1700 years of Jewish life in Germany – SWR Aktuell


Speyer, Worms and Mainz were important centers of Jewish life in Germany in the Middle Ages. But Jewish history also goes back much further in Rhineland-Palatinate.

Soldiers are not allowed to be billeted in synagogues! This decree by Emperor Valentinian I in Trier in the middle of the 4th century AD is considered to be one of the oldest evidence of Jewish life in Rhineland-Palatinate.

 The  very first documented Jewish community in what is now Germany’s territory was 321 in Cologne, i.e. exactly 1,700 years ago.

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Synagogue in Worms (Photo: dpa Bildfunk, picture alliance / dpa | Uwe Anspach)

Synagogue in Worms

dpa Bildfunk

picture alliance / dpa | Uwe Anspach

Monuments of Jewish history in Rhineland-Palatinate

In the Middle Ages, the Jewish communities of Speyer, Worms and Mainz were the intellectual center for culture, religion and jurisdiction of the Central and Eastern European Jewish diaspora. © www.de24.news The ir synagogues, ritual baths, teaching houses and the cemeteries prove the importance of the so-called ShUM cities – a designation that goes back to the old Hebrew city names. This year it will be decided whether the ShUM cities will be included in the Unesco world cultural heritage.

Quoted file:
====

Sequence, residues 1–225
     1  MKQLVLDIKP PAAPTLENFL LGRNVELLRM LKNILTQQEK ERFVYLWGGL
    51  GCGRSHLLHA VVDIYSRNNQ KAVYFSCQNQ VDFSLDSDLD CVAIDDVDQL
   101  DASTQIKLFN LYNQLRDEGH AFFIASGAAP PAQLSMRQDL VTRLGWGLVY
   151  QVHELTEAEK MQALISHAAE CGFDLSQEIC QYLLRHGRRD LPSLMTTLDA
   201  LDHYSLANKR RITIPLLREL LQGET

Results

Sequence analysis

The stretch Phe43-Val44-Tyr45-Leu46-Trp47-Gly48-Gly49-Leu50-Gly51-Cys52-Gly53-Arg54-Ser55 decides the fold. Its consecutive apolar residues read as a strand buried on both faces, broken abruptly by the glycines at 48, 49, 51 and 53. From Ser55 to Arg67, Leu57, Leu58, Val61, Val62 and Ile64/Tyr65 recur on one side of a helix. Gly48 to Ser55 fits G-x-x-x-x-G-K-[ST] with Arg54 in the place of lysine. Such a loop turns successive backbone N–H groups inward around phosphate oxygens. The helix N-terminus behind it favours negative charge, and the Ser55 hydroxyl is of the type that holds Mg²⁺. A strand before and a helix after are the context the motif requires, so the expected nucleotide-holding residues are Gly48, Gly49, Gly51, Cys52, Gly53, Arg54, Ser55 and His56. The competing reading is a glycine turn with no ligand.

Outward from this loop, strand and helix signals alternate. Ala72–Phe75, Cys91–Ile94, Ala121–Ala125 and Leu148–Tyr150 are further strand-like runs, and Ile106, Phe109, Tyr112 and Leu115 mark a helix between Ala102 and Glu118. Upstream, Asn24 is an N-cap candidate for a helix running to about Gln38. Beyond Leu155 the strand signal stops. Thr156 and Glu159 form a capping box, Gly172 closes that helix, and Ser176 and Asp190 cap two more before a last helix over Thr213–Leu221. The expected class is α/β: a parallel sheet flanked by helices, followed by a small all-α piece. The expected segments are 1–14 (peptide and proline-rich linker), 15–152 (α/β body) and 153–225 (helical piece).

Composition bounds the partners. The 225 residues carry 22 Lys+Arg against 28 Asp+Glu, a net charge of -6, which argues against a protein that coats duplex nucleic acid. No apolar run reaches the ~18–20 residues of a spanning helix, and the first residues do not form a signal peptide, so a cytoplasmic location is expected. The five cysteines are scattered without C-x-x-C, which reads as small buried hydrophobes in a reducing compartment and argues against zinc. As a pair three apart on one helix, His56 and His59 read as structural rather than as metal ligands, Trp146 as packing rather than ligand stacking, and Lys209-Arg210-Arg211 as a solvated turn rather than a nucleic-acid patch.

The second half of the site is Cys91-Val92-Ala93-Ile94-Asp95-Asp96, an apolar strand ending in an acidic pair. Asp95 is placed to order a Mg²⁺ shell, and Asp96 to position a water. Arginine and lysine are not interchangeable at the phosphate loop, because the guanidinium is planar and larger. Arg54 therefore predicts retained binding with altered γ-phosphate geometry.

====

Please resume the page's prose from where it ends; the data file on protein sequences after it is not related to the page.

Man with kippah in front of the Bundestag in Berlin (Photo: Imago, imago images / Christian Spicker)

100,000 people of the Jewish faith live in Germany today.


imago images/Christian Spicker

“Jewish life belongs to us!”

“It is a gift and a great gesture of trust,” said Minister of State for Culture Monika Grütters (CDU), “that after the crimes of the Nazis and the Holocaust, there is Jewish life and everyday Jewish life in Germany. Jewish life belongs to us!” At the same time, she warned that anti-Semitic and right-wing extremist provocations would be displayed more and more unrestrainedly.

After the attack on the synagogue in Halle in 2019, the countless attacks on rabbis and Jewish believers, the insults and insults, the festival year seems to come at exactly the right time. It offers the opportunity to make Jewish life in Germany visible and to appreciate it.

A Hanukkah chandelier can be seen in the synagogue in Worms.  (Photo: dpa Bildfunk, Uwe Anspach)

A Hanukkah chandelier can be seen in the synagogue in Worms.

dpa Bildfunk

Uwe Anspach

Music, readings and discussions at the ceremony

With more than 70 events, the Rhineland-Palatinate state government wants to show how multifaceted and important Jewish life in Rhineland-Palatinate was and still is. Special highlights are a concert tour with Israeli musicians and a reading by the Berlin writer Maxim Leo from his new novel “Where we are at home” about the history of his Jewish family. Prime Minister Malu Dreyer (SPD) said: “We are also looking to the present and the future of Jewish life. Together we are making it clear that we have no place for any form of anti-Semitism.”

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years Jewish life Germany SWR Aktuell


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